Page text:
Contributed by Sean Huffman MS, ATC, PT
Ouch! You woke up Sunday morning after your Saturday run and your left heel is killing you. You take a few steps and feel a lightning bolt flash through your heel. Or, you are out for your run and your knee progressively gets more and more sore. You start to walk and a sharp pain just below your kneecap virtually stops you in your tracks. With a late season running injury, you may be asking, “What do I do now?”
Unfortunately, at some point during most runners and walkers’ lives, you will get some sort of ailment which will slow down – or stop – your training. The most important thing to realize is if you listen to your body, it will give you early warning signs that something is not right. In general, it is important to stop running and rest your body if:
- Pain affects your natural running form, causing you to limp
- Discomfort increases during your run
- It is a sharp, localized pain
- There is obvious swelling to the sore area
- You have pain for longer than 7 days
Initial treatment to your injured area is RICE:
R – Rest, which means stop running! Take a couple days off and re-assess how you feel.
I – Ice your sore area. Ice is the most natural anti-inflammatory around and is easy to use on specific areas of the body. Ice massage is effective and easy. Take a paper or styrofoam cup and freeze water in it. Tear off the cup’s lip and rub the ice over the injured area for 7 minutes. Repeat this two to three times daily.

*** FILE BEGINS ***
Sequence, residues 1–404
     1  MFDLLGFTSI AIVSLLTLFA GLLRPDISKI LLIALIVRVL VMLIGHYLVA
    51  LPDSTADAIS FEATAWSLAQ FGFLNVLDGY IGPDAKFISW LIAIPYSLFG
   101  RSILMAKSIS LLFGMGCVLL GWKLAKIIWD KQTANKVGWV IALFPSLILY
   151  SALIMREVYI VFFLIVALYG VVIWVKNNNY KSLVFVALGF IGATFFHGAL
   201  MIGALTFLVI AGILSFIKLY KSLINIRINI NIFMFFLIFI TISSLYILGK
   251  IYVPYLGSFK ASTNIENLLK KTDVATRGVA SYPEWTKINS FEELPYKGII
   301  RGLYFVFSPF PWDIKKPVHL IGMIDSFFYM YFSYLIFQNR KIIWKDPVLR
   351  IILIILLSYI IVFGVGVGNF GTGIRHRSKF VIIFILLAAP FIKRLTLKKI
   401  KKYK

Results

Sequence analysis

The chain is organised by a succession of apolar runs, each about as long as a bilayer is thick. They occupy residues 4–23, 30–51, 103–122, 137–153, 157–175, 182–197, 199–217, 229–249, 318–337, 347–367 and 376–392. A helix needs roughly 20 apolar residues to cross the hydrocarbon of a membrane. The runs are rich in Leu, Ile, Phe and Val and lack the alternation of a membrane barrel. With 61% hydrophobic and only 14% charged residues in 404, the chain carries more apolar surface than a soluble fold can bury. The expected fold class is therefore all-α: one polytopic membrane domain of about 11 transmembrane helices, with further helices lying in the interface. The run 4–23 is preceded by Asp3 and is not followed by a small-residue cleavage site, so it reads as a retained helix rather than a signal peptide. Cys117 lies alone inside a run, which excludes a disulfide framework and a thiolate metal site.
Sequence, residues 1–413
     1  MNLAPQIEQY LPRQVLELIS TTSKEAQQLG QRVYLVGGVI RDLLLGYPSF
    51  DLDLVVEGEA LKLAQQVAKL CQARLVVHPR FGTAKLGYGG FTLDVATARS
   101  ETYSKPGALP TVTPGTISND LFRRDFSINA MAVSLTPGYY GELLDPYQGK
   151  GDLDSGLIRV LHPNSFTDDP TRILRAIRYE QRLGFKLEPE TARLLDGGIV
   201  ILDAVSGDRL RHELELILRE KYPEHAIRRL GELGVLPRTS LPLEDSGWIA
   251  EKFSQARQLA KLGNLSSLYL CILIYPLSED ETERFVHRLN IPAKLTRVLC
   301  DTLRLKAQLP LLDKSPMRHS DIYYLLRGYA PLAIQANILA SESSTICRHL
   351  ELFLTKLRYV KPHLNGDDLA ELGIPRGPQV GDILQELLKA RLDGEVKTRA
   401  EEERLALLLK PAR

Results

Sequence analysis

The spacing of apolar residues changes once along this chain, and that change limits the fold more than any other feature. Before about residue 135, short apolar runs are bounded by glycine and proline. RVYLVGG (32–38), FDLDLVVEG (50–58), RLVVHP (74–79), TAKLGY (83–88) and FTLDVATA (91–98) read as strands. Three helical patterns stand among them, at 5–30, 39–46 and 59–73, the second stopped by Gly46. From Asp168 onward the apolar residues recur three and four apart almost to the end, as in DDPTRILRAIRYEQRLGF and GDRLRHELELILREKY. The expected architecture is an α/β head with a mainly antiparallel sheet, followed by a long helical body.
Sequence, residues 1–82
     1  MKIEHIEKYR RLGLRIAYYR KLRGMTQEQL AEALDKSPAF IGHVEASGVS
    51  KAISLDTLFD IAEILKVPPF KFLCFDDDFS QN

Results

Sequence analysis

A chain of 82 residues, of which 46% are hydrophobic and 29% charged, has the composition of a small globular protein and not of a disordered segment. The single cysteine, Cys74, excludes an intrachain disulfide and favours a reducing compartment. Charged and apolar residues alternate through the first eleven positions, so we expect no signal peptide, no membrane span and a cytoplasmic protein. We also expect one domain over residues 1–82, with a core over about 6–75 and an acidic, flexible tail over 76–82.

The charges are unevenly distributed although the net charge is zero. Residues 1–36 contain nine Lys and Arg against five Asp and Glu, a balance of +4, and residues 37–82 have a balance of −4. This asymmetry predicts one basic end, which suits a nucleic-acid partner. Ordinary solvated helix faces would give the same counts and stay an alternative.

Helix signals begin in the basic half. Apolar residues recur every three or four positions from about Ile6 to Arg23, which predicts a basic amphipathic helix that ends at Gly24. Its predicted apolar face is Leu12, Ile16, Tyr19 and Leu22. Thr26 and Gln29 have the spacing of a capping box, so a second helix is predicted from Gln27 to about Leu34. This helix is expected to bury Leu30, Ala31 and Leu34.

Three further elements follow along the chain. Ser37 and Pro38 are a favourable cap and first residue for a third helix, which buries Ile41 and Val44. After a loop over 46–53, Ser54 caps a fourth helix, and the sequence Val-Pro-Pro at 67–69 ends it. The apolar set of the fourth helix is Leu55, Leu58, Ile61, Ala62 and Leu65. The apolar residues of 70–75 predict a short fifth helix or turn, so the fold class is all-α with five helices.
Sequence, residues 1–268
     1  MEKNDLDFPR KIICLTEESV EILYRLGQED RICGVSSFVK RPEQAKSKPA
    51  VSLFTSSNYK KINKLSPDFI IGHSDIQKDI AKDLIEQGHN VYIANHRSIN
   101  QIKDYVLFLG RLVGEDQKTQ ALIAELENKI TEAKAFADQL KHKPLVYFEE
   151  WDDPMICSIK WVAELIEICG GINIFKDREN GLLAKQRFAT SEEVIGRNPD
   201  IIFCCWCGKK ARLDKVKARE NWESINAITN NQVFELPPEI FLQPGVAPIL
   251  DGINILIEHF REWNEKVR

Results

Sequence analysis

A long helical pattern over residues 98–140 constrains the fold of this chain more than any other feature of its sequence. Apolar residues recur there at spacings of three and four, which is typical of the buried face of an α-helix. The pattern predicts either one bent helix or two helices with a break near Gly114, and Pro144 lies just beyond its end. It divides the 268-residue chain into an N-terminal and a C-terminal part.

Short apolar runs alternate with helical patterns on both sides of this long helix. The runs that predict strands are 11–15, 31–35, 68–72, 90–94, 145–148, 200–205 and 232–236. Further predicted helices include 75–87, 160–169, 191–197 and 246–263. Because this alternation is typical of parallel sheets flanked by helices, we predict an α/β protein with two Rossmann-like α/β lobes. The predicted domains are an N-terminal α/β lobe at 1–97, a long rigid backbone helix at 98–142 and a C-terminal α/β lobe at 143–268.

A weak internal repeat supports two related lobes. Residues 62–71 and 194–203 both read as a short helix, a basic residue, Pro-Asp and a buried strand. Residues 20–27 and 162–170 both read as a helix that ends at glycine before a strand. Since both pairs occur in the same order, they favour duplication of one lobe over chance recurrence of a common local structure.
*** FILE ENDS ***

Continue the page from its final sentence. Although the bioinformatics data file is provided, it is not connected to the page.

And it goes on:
C – Compression for the injured area. Wrap the area tight enough for support, but not so tight it will cut off blood flow. Compression socks work great for injuries in the lower leg, ankle, and foot.
E – Elevation of the injured area. Try to keep your injured area off the floor, and ideally higher than the level of your heart. This helps improve blood flow and assists to minimize swelling.
When an injury – late season or otherwise – occurs, and the above self-treatment does not provide complete relief, it is important that you get medical advice from a trained medical professional.
Fortunately, our MIT healthcare resources include physicians, physical therapists, athletic trainers, and other medical professionals. If needed, we can help guide you regarding your medical options and even streamline the process for you to see a physician.
Alternatively, the MIT in-house physical therapy partner, Fit For Life Physical Therapy offers Free Runner & Walker Injury Screenings at both our Lane Avenue (FrontRunner) and Polaris (Fleet Feet) locations. Monday through Saturday, our clinicians, who are runners treating runners, are available to provide quick 10-minute injury screenings to review your symptoms, answer your questions, and assist you with advice for your next steps on the road to recovery - in other words, peace of mind.
Following the rules above should help you to get back on the road, track, trail, or treadmill sooner rather than later if you suffer a late season injury. Good luck and happy training!
Sean Huffman MS, ATC, PT
Fit For Life Physical Therapy